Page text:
“Well… if it isn’t the Wyld Stallyns…” (Bill and Ted Face the Music review)

Returning after nearly 30 years away from the big screen, the two excellent friends are back to bring a joyous film to cheer us all up. With old faces joining new ones, the film is exactly as good as the other ones – take from that statement what you will.

30 years on, and Bill and Ted still haven’t written the song that will unite the world. More importantly, it’s now revealed that the song won’t just unite the world, it will actually save reality. With the stakes higher than ever, Bill and Ted decide to use a time-machine to steal the song from themselves in the future. Meanwhile, their daughters try and help out by assembling a supergroup to perform the song.

If you’re thinking this sounds like a truly bonkers film, then you’ve fully understood the last paragraph. This film really throws everything at the wall, and by completely committing to the concepts, the majority of it sticks.

Keanu Reeves and Alex Winter both return as the beloved double act, and neither seems to have aged much in the 30-year gap. It’s surprising just how bad Keanu Reeves actually is in this film. He totally manages to channel the youthful innocence he once had before he was dodging bullets and swinging Katana’s. His performance is insanely hammed up and childish, and yet it totally works. Alex Winter, a man who has unfortunately been vastly over shadowed his whole career, delivers a better performance than his co-star. However, seeing the two of them back together is the most fun, and they’re clearly having the time of their lives getting to play as these characters again.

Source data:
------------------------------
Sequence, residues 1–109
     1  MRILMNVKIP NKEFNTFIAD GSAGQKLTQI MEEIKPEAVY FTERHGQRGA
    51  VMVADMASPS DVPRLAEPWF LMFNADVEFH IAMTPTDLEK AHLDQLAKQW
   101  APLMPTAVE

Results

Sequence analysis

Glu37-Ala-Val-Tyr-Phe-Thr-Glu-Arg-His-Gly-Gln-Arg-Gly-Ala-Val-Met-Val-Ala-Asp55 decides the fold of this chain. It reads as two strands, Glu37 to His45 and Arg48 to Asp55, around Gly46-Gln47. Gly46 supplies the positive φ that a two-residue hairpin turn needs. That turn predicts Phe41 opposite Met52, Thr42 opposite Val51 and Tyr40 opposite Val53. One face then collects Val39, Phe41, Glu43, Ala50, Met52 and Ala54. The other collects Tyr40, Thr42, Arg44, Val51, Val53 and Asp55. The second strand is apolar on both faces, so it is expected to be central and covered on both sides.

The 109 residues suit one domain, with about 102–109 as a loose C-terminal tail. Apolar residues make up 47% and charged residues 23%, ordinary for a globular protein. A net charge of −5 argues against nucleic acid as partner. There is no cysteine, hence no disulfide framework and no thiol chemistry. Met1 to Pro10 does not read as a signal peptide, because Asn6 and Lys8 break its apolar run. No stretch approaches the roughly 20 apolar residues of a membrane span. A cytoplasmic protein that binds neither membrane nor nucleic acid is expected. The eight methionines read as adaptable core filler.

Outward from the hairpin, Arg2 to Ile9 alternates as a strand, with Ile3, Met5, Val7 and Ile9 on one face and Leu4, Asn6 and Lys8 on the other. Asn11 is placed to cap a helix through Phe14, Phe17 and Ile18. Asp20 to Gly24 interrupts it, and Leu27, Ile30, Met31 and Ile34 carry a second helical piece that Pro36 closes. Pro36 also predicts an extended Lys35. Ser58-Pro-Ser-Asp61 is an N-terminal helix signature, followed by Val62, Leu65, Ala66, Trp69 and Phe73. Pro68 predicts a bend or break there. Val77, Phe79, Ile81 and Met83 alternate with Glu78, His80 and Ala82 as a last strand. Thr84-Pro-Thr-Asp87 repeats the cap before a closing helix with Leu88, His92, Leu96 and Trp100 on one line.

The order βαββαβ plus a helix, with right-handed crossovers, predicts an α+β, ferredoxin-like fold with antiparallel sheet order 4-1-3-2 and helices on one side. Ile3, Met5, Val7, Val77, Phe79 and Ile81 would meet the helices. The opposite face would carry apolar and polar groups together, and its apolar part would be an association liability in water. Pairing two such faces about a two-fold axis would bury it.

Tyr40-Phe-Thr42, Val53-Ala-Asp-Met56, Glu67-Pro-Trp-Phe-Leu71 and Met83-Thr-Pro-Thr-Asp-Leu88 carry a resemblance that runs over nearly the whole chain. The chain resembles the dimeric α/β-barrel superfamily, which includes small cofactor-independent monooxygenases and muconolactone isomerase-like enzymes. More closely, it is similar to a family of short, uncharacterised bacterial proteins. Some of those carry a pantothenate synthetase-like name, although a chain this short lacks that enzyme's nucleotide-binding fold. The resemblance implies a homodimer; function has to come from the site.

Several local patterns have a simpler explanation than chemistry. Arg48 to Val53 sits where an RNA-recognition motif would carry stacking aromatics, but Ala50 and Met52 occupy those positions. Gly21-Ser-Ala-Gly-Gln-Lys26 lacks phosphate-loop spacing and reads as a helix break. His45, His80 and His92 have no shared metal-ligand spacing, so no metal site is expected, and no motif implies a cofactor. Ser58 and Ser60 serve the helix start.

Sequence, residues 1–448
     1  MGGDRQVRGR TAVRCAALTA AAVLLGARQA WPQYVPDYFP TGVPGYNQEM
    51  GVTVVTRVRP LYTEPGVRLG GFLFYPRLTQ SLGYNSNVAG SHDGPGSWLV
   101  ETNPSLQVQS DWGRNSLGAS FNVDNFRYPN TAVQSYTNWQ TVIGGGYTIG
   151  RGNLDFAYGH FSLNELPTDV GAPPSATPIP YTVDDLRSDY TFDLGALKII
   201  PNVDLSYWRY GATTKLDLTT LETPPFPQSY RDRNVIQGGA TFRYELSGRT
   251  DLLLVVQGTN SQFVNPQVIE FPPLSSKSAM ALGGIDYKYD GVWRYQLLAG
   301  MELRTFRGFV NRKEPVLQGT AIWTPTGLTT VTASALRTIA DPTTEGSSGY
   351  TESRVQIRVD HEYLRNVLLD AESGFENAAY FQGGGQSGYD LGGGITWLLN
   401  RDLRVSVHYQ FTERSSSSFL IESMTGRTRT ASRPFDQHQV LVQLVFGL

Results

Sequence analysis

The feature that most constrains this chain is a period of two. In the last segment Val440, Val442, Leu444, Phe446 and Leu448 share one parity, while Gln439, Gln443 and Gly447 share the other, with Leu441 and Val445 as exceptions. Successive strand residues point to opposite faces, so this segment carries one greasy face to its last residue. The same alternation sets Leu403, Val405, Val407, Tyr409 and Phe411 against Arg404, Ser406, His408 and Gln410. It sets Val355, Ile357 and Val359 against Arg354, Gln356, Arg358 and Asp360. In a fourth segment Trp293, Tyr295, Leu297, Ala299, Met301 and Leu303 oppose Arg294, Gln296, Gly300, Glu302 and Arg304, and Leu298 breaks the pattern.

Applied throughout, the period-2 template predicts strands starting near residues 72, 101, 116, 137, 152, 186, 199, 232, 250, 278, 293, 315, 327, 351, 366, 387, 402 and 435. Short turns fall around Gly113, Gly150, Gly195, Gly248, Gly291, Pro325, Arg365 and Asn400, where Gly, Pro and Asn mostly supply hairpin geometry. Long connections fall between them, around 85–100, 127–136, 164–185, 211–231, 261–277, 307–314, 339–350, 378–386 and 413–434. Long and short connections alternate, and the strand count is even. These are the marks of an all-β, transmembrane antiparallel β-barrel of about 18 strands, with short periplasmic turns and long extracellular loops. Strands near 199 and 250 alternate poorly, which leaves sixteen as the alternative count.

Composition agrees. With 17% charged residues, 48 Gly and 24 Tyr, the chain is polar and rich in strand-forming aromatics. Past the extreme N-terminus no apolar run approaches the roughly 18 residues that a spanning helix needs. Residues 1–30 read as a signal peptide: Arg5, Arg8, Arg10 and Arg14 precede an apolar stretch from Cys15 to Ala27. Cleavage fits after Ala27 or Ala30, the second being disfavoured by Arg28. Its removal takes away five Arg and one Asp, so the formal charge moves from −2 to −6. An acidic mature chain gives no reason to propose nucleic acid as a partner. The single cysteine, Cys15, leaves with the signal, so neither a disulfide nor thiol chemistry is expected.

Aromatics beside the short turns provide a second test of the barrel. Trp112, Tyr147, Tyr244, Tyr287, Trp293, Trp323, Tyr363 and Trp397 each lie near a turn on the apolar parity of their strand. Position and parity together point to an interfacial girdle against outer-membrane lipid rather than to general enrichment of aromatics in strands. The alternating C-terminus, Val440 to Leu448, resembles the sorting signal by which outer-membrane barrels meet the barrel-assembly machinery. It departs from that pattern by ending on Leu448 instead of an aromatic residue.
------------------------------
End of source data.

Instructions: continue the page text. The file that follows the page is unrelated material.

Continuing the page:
Also returning from the original’s sequel is William Sadler as The Grim Reaper, and he is great fun and provides a lot of laughs. New cast members include Samara Weaving (‘Ready of Not’) and Brigette Lundy-Paine, perfectly cast as Bill and Ted’s respective daughters, and Anthony Carrigan as a hilariously insecure robot.

As mentioned, the film perfectly recaptures the original film’s charm and camp fun. It’s vastly over the top, brings together musicians from across the millennia, and the whole time gives the sense that it knows exactly how daft it’s being. In a time where films are taking themselves more and more seriously, it’s always fun to see a film that just wants to make people smile.

With a script that functions, a cast that are all enjoying themselves and some genuinely funny moments, ‘Bill and Ted Face the Music’ is exactly the kind of antidote needed for a summer of doom and gloom.

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